No-one who watches the news can have failed to have noticed the growing discontent in Europe over the US policy of extraodinary rendition of terrorist suspects, the allegations of secret CIA "black hole" prisons in Eastern Europe, and the suggestion that these mean that the US is acquiescing in, committing, and implicating other European Governments in acts of torture. Secretary of State Rice's visit to Europe has been dominated by these claims, particularly in her first meeting with Angela Merkel, the new German Chancellor. This was difficult as the US has admitted an "error" in kidnapping a German citizen in Macedonia and imprisoning him for five months without trial in Afghanistan (incidentally, Merkel has promised a parliamentary enquiry into claims that her Predecessor, Schroder, knew of this but agreed not to make it public). This is exactly the sort of "error", of course, that procedural rights seek to make impossible; and it is these rights, in turn, that the policy of rendition seeks to bypass. Throughout her tour, however, Rice has been evasive and ambiguous on the existence of secret prisons and on the treatment of prisoners, repeating only that the US does not resort to torture.
The Washington Post today, however, notes that she has "clarified" this position: The United States' obligations under the U.N. Convention against Torture - which Bush has long claimed (dubiously in my view) apply only within the territorial boundaries of the US - extend "as a matter of policy" to "U.S. personnel wherever they are, whether they are in the United States or outside of the United States". This is very vague - no doubt deliberately so: is it US policy to extned the legal obligations to its officials acting outside the boundaries of the state? Or are those obligations - legally binding on domestic officials - to be followed as a matter of policy when interrogating suspects outwith the US? Again, here, Rice seems to be returning to her "trust us" theme of the beginning of her European Tour. Given, however, that the government has admitted to a policy of extraordinary rendition in order to remove suspects from the protections afforded by US law, and coupled with the fact that the vice-president is currently making a major effort to have the CIA exempted from Senator McCain's proposed bill to outlaw torture, cruel, inhuman and degrading treatment by all US officials everywhere, the Bush administration cannot really be surprised if many worldwide put two and two together, even if they do (and this seems unlikely) come up with five.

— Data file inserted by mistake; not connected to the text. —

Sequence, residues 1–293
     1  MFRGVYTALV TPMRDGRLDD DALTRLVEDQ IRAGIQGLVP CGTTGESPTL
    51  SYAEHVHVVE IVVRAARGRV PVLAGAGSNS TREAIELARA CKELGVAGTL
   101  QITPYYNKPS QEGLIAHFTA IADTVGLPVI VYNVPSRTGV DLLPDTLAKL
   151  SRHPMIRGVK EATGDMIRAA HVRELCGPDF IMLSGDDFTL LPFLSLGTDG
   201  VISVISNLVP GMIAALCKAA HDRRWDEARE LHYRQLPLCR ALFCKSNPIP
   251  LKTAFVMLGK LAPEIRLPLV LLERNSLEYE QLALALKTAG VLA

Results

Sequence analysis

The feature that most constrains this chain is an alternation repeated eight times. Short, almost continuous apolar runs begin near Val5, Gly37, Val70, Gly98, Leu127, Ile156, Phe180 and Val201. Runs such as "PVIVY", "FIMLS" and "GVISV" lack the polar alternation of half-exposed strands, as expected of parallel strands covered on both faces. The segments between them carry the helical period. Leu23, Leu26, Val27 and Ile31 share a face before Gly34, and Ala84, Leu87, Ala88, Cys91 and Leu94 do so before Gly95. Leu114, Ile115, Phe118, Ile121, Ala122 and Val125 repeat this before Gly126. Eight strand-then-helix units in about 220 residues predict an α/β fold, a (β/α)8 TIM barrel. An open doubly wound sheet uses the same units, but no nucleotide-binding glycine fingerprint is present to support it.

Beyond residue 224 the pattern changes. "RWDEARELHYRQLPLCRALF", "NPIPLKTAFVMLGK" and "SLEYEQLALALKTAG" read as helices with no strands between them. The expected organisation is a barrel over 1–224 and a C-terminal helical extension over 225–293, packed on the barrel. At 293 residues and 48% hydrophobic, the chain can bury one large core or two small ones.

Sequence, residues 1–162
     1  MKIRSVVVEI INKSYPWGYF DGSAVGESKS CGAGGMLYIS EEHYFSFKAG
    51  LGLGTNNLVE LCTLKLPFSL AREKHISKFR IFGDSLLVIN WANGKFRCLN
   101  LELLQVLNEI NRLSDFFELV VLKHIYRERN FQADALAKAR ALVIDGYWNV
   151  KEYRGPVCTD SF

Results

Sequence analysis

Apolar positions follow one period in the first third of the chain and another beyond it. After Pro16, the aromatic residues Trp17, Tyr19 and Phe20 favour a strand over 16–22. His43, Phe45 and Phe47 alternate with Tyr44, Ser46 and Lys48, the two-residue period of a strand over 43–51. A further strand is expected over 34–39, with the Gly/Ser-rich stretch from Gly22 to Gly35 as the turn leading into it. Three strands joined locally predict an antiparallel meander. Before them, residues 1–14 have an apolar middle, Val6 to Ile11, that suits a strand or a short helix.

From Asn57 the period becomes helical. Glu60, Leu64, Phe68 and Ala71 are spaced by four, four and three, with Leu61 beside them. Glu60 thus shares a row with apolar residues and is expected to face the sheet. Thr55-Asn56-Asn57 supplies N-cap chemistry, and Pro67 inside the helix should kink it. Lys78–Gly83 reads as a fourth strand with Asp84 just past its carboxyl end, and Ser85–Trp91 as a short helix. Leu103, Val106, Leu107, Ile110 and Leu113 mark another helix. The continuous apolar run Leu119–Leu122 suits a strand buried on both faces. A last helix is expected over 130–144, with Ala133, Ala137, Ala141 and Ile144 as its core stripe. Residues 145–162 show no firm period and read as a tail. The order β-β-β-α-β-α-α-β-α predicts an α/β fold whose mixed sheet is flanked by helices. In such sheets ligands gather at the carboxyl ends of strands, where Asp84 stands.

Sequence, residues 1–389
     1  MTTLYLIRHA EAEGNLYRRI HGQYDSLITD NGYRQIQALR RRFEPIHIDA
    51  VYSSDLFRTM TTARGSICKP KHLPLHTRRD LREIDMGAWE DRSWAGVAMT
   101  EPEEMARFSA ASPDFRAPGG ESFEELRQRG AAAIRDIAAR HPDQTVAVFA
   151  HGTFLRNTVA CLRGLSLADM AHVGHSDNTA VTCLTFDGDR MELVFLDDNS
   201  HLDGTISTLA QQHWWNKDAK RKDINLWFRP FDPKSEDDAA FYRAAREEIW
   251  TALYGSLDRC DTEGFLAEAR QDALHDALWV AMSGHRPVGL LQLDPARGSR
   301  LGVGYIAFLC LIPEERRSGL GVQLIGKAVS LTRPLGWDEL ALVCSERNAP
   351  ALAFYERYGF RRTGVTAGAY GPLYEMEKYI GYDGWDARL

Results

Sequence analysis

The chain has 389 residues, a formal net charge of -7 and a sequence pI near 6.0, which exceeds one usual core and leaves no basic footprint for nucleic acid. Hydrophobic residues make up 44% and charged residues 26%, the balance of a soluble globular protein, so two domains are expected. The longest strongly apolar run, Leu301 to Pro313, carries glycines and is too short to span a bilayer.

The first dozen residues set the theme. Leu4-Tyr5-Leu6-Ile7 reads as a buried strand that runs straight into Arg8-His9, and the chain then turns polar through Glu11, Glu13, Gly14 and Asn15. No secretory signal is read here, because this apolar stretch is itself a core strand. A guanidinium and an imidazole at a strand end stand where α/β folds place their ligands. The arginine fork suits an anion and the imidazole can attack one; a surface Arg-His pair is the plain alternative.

*UPDATE* Peggy McGuinnes over at Opinio Juris has an posted an interesting blog on this subject, well worth a read.